JEFF FRIEDMAN: The low estimate of 30 or 40 percent likelihood that bin Laden was at Abad Abad was issued by a CIA red team. And the red team, which is a common institutional practice, is to be skeptical on purpose, right? They were meant to poke holes in the intelligence. So they, of course, came out the lowest estimate - 30 or 40 percent. The deputy director of Intelligence, Michael Morell, says that he assessed that there was a 60 percent chance that bin Laden would be at Abad Abad. And he tells President Obama explicitly that he's lowballing that assessment a bit because he remembers this assessment of Iraq's weapons of mass destruction. And he knows how easy it is to sort of connect these dots and to be overoptimistic in Intelligence. What does President Obama do, in the end? He says it's a coin flip. We're going with 50-50. So he ends up implicitly giving the most weight to the estimates at the bottom that are the least credible.
SIEGEL: So what would've been, to your way of thinking, the clearest way in which analysts could have put, to President Obama, in that case, their estimate of the likelihood that Osama bin Laden was in that compound in Abad Abad?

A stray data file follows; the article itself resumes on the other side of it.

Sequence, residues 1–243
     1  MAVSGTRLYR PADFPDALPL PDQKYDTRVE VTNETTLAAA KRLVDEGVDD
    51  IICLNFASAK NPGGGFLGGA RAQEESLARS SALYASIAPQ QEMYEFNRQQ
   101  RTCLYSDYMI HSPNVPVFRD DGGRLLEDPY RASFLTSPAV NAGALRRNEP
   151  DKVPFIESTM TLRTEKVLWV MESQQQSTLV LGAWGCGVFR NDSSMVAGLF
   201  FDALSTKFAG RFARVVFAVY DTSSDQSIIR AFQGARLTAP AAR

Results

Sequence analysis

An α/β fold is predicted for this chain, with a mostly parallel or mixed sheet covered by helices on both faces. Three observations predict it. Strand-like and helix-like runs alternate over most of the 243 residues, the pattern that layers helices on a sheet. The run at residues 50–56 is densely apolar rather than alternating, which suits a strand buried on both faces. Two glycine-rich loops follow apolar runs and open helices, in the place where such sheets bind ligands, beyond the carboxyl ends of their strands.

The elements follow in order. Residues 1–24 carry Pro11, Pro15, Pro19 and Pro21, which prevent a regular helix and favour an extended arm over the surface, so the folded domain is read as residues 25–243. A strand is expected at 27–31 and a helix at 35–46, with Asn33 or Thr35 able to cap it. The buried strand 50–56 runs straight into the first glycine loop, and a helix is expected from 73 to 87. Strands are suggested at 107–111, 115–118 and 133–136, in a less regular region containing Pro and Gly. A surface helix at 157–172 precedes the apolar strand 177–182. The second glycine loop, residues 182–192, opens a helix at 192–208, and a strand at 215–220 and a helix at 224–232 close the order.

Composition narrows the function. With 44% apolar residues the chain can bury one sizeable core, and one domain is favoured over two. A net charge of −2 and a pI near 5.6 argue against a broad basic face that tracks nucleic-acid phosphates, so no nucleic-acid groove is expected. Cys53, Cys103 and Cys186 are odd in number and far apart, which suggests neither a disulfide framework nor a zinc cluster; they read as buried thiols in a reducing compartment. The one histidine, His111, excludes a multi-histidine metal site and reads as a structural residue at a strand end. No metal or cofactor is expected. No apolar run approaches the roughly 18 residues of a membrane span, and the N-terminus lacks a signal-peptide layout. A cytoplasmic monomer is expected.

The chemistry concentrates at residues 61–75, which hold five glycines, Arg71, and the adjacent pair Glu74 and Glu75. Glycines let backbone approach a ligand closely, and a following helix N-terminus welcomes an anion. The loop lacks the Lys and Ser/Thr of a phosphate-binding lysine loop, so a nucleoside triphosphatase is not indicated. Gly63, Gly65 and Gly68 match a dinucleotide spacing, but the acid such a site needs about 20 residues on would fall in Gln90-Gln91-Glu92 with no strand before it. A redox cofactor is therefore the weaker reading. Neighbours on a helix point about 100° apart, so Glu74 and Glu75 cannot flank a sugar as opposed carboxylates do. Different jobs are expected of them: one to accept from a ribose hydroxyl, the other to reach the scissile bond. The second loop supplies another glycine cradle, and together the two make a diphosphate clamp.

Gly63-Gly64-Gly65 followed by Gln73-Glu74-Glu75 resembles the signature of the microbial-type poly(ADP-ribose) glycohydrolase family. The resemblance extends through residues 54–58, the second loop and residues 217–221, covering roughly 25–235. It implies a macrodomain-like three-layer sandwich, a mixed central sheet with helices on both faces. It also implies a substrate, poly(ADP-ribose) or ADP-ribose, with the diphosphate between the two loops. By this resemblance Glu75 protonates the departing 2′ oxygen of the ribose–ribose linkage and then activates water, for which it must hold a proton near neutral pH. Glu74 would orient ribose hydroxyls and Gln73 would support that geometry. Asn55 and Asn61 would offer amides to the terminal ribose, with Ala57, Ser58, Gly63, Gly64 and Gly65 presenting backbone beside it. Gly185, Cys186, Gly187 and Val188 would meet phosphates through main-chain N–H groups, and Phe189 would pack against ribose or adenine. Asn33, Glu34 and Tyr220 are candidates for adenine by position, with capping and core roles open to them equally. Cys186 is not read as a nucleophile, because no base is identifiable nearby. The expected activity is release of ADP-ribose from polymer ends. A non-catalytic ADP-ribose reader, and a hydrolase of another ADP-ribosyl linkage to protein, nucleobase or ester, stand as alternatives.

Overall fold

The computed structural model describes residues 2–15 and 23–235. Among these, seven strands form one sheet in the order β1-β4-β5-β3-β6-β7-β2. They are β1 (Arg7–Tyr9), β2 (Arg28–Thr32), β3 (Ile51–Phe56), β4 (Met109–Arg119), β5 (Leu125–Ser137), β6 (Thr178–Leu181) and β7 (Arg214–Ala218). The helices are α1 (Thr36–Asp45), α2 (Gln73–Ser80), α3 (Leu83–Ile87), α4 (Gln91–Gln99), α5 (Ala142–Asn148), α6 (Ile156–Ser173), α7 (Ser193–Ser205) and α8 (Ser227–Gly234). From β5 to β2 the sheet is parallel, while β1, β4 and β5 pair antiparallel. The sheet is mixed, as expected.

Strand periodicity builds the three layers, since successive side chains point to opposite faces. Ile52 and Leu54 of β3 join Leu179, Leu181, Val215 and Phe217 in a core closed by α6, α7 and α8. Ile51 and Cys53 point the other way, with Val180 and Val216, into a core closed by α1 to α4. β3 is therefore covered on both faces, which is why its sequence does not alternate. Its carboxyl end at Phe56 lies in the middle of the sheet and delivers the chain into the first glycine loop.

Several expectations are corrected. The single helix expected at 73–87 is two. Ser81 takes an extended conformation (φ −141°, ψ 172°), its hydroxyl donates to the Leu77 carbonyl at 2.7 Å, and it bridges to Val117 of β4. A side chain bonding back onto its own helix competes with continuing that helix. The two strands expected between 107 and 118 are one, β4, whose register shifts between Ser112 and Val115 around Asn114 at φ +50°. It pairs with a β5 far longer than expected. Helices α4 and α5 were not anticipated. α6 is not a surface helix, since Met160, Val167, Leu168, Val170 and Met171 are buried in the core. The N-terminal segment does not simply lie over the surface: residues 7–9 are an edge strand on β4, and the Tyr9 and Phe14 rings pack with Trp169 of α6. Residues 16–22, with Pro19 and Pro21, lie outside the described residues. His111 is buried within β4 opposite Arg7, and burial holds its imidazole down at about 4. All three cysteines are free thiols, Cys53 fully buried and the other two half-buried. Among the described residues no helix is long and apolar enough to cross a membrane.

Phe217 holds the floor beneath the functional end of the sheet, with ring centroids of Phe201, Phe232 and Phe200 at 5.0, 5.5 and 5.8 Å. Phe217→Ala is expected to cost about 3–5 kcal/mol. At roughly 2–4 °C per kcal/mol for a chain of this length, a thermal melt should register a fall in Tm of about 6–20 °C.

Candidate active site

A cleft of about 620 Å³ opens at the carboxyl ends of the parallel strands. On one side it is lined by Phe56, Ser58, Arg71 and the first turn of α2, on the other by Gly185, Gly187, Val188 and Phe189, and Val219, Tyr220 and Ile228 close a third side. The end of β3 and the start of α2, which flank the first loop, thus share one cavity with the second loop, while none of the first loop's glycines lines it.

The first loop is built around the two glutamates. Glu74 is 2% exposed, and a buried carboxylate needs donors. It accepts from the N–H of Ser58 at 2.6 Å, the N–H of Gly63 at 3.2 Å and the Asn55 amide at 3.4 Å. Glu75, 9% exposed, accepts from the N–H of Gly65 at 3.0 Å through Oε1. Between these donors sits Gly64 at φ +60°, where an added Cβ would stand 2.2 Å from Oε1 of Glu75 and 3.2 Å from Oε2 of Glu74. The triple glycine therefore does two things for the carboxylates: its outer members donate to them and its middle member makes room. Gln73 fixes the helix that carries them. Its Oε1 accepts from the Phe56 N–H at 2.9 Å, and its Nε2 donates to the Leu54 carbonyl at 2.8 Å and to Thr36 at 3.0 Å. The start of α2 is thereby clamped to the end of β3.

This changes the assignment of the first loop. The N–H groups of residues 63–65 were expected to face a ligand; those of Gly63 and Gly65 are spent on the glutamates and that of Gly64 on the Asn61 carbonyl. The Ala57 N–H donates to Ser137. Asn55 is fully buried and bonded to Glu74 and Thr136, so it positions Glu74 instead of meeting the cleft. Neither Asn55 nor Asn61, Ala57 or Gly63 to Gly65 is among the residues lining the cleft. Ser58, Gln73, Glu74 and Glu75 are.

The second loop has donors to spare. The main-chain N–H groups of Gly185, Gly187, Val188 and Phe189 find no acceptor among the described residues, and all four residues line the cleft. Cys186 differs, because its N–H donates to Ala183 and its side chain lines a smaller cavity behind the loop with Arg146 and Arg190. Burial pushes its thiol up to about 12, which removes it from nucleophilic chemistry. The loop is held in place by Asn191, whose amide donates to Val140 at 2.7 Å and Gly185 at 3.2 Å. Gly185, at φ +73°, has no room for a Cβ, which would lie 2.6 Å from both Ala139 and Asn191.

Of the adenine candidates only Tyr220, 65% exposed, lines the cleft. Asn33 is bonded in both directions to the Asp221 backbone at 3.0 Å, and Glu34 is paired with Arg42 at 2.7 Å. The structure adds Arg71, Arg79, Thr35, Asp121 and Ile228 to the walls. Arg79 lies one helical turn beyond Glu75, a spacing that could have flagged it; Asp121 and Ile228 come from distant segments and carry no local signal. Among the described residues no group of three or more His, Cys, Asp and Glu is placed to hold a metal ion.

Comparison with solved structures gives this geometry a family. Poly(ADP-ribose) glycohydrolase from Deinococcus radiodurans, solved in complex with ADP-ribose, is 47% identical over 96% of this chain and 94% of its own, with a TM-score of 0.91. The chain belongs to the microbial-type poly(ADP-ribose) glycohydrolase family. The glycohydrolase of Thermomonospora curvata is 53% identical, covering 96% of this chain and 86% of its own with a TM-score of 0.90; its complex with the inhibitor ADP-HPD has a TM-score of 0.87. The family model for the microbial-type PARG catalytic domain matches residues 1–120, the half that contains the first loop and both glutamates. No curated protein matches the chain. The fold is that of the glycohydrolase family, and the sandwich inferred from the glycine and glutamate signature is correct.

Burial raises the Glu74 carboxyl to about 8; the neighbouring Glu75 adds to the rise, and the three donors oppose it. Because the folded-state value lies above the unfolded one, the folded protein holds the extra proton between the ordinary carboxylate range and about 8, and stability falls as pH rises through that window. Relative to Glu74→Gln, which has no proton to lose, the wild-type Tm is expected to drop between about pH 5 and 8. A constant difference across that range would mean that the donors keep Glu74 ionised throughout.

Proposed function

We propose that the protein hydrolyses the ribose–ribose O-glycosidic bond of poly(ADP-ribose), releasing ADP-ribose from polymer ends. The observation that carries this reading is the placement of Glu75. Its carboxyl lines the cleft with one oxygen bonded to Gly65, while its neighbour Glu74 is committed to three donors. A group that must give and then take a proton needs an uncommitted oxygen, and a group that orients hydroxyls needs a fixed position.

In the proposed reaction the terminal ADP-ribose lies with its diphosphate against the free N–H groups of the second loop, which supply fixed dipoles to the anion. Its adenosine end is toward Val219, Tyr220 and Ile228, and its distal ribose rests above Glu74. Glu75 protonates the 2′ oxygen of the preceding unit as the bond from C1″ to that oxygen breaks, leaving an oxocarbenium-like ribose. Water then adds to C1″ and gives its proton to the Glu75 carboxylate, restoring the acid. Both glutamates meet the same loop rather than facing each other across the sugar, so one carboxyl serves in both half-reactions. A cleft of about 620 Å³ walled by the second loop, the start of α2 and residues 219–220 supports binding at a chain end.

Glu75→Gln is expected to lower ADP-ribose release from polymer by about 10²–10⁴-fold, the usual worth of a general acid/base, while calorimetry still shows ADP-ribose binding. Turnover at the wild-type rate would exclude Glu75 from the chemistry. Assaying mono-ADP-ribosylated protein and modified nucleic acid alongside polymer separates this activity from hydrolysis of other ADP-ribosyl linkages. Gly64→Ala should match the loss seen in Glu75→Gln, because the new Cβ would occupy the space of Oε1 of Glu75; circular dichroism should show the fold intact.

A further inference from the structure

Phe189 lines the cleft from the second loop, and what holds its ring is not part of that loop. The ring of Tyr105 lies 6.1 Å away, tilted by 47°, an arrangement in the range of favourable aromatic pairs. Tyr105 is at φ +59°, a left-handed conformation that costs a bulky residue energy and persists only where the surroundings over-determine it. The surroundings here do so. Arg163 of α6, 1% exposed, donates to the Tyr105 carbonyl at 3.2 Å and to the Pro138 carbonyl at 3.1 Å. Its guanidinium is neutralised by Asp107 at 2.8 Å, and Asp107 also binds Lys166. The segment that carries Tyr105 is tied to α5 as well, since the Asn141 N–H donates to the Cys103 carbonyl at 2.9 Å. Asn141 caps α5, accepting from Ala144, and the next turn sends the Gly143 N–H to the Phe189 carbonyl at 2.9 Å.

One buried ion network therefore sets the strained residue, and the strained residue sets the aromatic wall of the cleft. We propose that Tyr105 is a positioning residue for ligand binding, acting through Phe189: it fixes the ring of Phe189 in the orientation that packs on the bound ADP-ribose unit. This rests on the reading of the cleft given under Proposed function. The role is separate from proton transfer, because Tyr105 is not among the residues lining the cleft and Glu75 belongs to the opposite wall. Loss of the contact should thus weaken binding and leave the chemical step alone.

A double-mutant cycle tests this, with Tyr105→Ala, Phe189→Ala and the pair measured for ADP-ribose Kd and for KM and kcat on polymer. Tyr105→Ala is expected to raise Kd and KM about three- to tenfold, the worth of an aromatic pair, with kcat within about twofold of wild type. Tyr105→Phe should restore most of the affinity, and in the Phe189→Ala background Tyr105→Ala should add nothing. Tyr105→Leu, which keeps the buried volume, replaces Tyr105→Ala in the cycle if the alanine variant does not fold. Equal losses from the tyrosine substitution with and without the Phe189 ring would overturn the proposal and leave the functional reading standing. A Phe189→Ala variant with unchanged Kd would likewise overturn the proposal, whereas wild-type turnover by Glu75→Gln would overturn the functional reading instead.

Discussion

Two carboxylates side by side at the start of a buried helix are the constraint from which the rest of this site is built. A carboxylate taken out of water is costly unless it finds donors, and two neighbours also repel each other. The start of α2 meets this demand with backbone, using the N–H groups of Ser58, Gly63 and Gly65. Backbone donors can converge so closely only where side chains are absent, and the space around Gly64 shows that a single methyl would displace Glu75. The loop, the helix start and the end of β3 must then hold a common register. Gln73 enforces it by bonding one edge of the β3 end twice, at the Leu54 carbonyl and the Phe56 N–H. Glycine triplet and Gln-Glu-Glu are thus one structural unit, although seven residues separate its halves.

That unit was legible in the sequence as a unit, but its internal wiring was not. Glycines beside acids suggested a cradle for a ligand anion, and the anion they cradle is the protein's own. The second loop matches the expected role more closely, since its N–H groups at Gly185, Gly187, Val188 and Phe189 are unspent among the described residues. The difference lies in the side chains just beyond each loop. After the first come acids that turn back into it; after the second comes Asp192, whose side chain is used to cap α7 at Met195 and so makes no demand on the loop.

FRIEDMAN: Here's what I think would've been the clearest way to present that information. To present a clear likelihood, which is some kind of weighted average of people's views - to also say clearly how much confidence people had in this discussion. So for instance you could say, we believe the chances bin Laden's in Abad Abad is 65 percent. But people disagree about this and personal estimates range from 40 to 95 percent. And then last, to say how much this is about to change. So for instance, the United States has been tracking this particular compound for about nine months. There have been something on the order of 40 intelligence reviews. This is probably the best we're going to do. Now, I think if you say those three things - likelihood, confidence and responsiveness - I think that would still be subjective and you could still debate that. But I think that would have been, at least, a much more structured way to present that situation to the president than what he received.